I think we’ve hosted 16 different meetings that have probably had 50 or 100 people in each one of these, between staff and everything else. We’re having discussions with all the regulators, but we’re also having discussions with all the industries, so that when we come back and make recommendations to the president, it’s not just what people in this building think. We will have received feedback from lots and lots of external sources to understand where regulatory reform has hindered doing business.
I do believe in financial regulation, I think banks specifically in the US that have FDIC insurance should be properly regulated, so you don’t put the taxpayer at risk. I think that we’re in a period of time where there is at times competing issues between the different regulators, that’s one of the things we want to focus [on], and at times, too much regulation that’s gone too far in the other extreme to hinder lending and hinder growth, and we’ll be coming back and making recommendations. Certain things could be done by the regulators, certain things may require executive orders, certain things may require legislation, and we’ll be making comments on suggestions of all of those.
FT — Competing issues between the regulators — can you be a bit more specific?
SM — I would say in a lot of times — you have multiple regulators. I think in many times they all work well together, I think in certain times there’s different regulators who are going in and it could be as simple as co-ordination, it could be as more complex as different interpretations.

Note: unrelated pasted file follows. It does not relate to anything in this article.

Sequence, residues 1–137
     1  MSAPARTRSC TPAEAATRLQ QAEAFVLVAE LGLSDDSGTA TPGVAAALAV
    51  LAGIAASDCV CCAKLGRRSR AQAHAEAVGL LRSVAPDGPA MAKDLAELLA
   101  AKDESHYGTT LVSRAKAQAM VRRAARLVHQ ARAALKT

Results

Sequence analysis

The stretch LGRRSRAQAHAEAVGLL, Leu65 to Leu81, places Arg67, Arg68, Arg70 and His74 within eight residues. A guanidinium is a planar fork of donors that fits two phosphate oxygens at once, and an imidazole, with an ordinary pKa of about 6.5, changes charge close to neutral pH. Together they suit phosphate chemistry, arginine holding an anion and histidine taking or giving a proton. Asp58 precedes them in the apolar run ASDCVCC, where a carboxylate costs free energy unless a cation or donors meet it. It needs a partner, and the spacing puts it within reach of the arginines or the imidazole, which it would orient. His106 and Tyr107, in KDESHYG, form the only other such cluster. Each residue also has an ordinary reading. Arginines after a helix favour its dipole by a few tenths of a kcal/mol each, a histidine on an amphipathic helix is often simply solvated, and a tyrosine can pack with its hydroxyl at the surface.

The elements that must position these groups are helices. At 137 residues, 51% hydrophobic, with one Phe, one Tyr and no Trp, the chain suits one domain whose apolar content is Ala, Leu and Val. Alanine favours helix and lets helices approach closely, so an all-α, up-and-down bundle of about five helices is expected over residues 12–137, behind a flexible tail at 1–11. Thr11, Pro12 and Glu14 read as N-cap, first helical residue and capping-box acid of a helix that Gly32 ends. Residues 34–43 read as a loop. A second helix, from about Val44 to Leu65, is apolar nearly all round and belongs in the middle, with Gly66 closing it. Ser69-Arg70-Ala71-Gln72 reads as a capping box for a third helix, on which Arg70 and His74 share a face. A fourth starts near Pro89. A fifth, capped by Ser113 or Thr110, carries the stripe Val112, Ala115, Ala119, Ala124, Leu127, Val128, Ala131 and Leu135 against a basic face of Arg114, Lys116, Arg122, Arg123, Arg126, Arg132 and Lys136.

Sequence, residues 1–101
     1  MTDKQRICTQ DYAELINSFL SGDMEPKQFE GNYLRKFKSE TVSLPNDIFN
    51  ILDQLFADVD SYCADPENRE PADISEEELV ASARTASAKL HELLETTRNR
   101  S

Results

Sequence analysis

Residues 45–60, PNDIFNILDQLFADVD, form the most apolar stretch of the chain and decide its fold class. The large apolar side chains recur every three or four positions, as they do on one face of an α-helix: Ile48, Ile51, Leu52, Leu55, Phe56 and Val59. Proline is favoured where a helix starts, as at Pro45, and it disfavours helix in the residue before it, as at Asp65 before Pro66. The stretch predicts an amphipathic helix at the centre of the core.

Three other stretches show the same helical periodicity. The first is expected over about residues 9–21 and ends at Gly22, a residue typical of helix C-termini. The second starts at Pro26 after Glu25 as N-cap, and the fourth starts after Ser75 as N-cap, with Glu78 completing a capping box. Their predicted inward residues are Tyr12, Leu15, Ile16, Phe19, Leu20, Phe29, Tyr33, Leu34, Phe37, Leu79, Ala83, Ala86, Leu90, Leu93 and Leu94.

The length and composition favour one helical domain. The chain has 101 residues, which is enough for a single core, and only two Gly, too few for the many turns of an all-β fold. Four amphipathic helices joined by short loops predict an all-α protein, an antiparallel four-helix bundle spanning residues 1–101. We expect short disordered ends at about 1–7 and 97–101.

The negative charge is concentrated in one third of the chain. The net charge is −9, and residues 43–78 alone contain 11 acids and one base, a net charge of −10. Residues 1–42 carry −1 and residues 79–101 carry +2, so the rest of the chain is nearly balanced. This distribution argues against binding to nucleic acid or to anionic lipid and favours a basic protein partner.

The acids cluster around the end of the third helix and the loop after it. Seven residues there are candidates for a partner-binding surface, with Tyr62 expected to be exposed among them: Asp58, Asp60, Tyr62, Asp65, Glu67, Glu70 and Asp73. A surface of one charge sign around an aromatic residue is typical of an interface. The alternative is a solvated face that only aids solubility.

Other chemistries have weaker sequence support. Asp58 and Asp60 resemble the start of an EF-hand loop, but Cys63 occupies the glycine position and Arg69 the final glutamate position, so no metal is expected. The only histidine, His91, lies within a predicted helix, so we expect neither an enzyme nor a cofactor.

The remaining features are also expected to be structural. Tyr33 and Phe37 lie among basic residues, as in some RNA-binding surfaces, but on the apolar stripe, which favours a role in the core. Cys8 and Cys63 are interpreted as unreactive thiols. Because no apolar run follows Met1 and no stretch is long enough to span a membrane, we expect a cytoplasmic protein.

FT — the Volcker rule: I’ve forgotten how many regulators would need to agree with each other to change it.
SM — One of the primary roles of FSOC is for me to be able to bring the regulators together and focus on different issues. The Volcker rule will be one of the things we’re looking at now. Cyber security, whether it’s through FSOC or through other inter-agencies, those are very big issues. I don’t know how FSOC was used historically, people focus on FSOC on the designation process — I intend to use FSOC as a very important tool as part of the administration’s policies to make sure that there is proper co-ordination across the different regulators . . .